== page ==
Wnt signaling has been implicated in the self-renewal of hematopoietic stem cells (HSCs). Secreted frizzled-related proteins (SFRPs) are a family of soluble proteins containing a region homologous to a receptor for Wnt, Frizzled, and are thought to act as endogenous modulators for Wnt signaling. This study examined the role of SFRPs in HSC regulation. Among the four family members, SFRP-1 and SFRP-2 are specifically induced in the bone marrow in response to myelosuppression, and immunostaining revealed that both proteins were expressed in osteoblasts. Interestingly, SFRP-1 reduced the number of multipotent progenitors in in vitro culture of CD34(-)KSL cells, while SFRP-2 did not. Furthermore, SFRP-1 compromised the long-term repopulating activity of HSCs, whereas SFRP-2 did not affect or even enhanced it in the same setting. These results indicate that although both SFRP-1 and SFRP-2 act as inhibitors for Wnt signaling in vitro, they differentially affect the homeostasis of HSCs.
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http://dx.doi.org/10.1016/j.bbrc.2009.09.067DOI Listing
December 2009

Roundabout 4 is expressed on hematopoietic stem cells and potentially involved in the niche-mediated regulation of the side population phenotype.

Stem Cells 2009 Jan;27(1):183-90

Advanced Clinical Research Center, University of Tokyo, Japan.

Roundabout (Robo) family proteins are immunoglobulin-type cell surface receptors that are expressed predominantly in the nervous system. The fourth member of this family, Robo4, is distinct from the other family members in that it is expressed specifically in endothelial cells. In this study, we examined the expression of Robo4 in hematopoietic stem cells (HSCs) and its possible role in HSC regulation. Robo4 mRNA was specifically expressed in murine HSCs and the immature progenitor cell fraction but not in lineage-positive cells or differentiated progenitors. Moreover, flow cytometry showed a correlation between higher expression of Robo4 and immature phenotypes of hematopoietic cells. Robo4(high) hematopoietic stem/progenitor cells presented higher clonogenic activity or long-term repopulating activity by colony assays or transplantation assays, respectively. A ligand for Robo4, Slit2, is specifically expressed in bone marrow stromal cells, and its expression was induced in osteoblasts in response to myelosuppressive stress. Interestingly, overexpression of Robo4 or Slit2 in HSCs resulted in their decreased residence in the c-Kit(+)Sca-1(+)Lineage(-)-side population fraction. These results indicate that Robo4 is expressed in HSCs, and Robo4/Slit2 signaling may play a role in HSC homeostasis in the bone marrow niche.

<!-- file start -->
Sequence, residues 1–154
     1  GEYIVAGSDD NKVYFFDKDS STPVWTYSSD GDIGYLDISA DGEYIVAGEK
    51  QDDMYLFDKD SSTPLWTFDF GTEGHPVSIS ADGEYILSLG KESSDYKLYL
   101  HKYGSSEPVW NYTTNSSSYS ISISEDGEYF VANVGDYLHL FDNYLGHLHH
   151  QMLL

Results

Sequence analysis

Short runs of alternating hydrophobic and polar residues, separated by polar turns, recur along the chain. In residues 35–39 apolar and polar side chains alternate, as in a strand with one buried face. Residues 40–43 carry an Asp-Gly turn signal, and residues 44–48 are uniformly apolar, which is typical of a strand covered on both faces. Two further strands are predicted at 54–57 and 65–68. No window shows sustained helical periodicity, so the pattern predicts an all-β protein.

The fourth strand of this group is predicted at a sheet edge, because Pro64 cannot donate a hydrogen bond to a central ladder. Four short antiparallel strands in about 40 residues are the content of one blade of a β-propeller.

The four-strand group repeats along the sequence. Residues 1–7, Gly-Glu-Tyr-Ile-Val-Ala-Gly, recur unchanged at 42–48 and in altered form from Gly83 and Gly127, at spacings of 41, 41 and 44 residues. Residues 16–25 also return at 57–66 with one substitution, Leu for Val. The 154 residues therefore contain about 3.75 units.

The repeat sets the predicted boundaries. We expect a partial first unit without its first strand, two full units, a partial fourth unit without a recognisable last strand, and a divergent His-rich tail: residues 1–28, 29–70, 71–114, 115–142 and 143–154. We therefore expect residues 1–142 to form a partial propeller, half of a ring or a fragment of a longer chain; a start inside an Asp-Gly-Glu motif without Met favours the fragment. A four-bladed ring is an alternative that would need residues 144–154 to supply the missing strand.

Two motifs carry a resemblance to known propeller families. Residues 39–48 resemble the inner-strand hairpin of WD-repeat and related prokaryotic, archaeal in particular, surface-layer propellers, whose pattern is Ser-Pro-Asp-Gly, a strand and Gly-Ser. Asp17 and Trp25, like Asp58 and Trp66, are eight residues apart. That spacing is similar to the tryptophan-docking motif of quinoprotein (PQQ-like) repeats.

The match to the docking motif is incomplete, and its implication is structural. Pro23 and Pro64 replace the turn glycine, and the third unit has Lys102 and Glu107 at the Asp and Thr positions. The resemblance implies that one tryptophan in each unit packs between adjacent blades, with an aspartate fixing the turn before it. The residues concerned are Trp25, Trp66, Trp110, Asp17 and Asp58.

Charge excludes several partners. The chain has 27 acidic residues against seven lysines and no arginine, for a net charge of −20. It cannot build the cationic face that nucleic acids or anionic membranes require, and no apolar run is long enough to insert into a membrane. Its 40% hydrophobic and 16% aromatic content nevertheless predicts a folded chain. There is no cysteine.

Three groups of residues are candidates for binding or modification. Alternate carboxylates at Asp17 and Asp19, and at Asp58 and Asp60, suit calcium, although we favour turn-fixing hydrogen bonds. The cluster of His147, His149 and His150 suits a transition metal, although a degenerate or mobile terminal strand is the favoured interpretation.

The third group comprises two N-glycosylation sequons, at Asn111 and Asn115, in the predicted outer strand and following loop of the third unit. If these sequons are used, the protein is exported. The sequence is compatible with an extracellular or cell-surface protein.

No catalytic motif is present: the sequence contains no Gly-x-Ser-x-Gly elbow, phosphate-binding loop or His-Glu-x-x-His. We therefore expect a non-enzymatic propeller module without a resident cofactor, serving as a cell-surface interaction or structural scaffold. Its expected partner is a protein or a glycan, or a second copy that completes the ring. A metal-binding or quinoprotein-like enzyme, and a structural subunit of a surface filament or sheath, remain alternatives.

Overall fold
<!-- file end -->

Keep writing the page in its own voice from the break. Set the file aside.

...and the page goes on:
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http://dx.doi.org/10.1634/stemcells.2008-0292DOI Listing
http://www.ncbi.nlm.nih.gov/pmc/articles/PMC2883560PMC
January 2009

SHD1 is a novel cytokine-inducible, negative feedback regulator of STAT5-dependent transcription.

Blood 2009 Jan 6;113(5):1027-36. Epub 2008 Oct 6.

Center of Excellence, The Institute of Medical Science, The University of Tokyo, Tokyo, Japan.

STAT5 is a critical mediator of a variety of cytokine signaling whose transcriptional activity is regulated by associating with various proteins. During a search for STAT5-interacting proteins, we identified SHD1, a mammalian homologue of yeast gene Sac3, as a potential interacter. SHD1 was localized in the nucleus, and induced by cytokines that activate STAT5, such as erythropoietin, interleukin-2 (IL-2), or IL-3. SHD1 interacted specifically with STAT5A and STAT5B, and interestingly, it specifically repressed STAT5-dependent transcription in vitro without affecting the stability or phosphorylation of STAT5 protein. Gene disruption study revealed that T, B, or bone marrow cells from mice lacking SHD1 were hyperresponsive to T-cell-receptor engagement, or stimulation with various STAT5-activating cytokines. These results suggest that SHD1 is a novel cytokine-inducible negative feedback regulator of STAT5.
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http://dx.doi.org/10.1182/blood-2008-01-133405DOI Listing
January 2009

Activation of CCAAT/enhancer-binding protein alpha or PU.1 in hematopoietic stem cells leads to their reduced self-renewal and proliferation.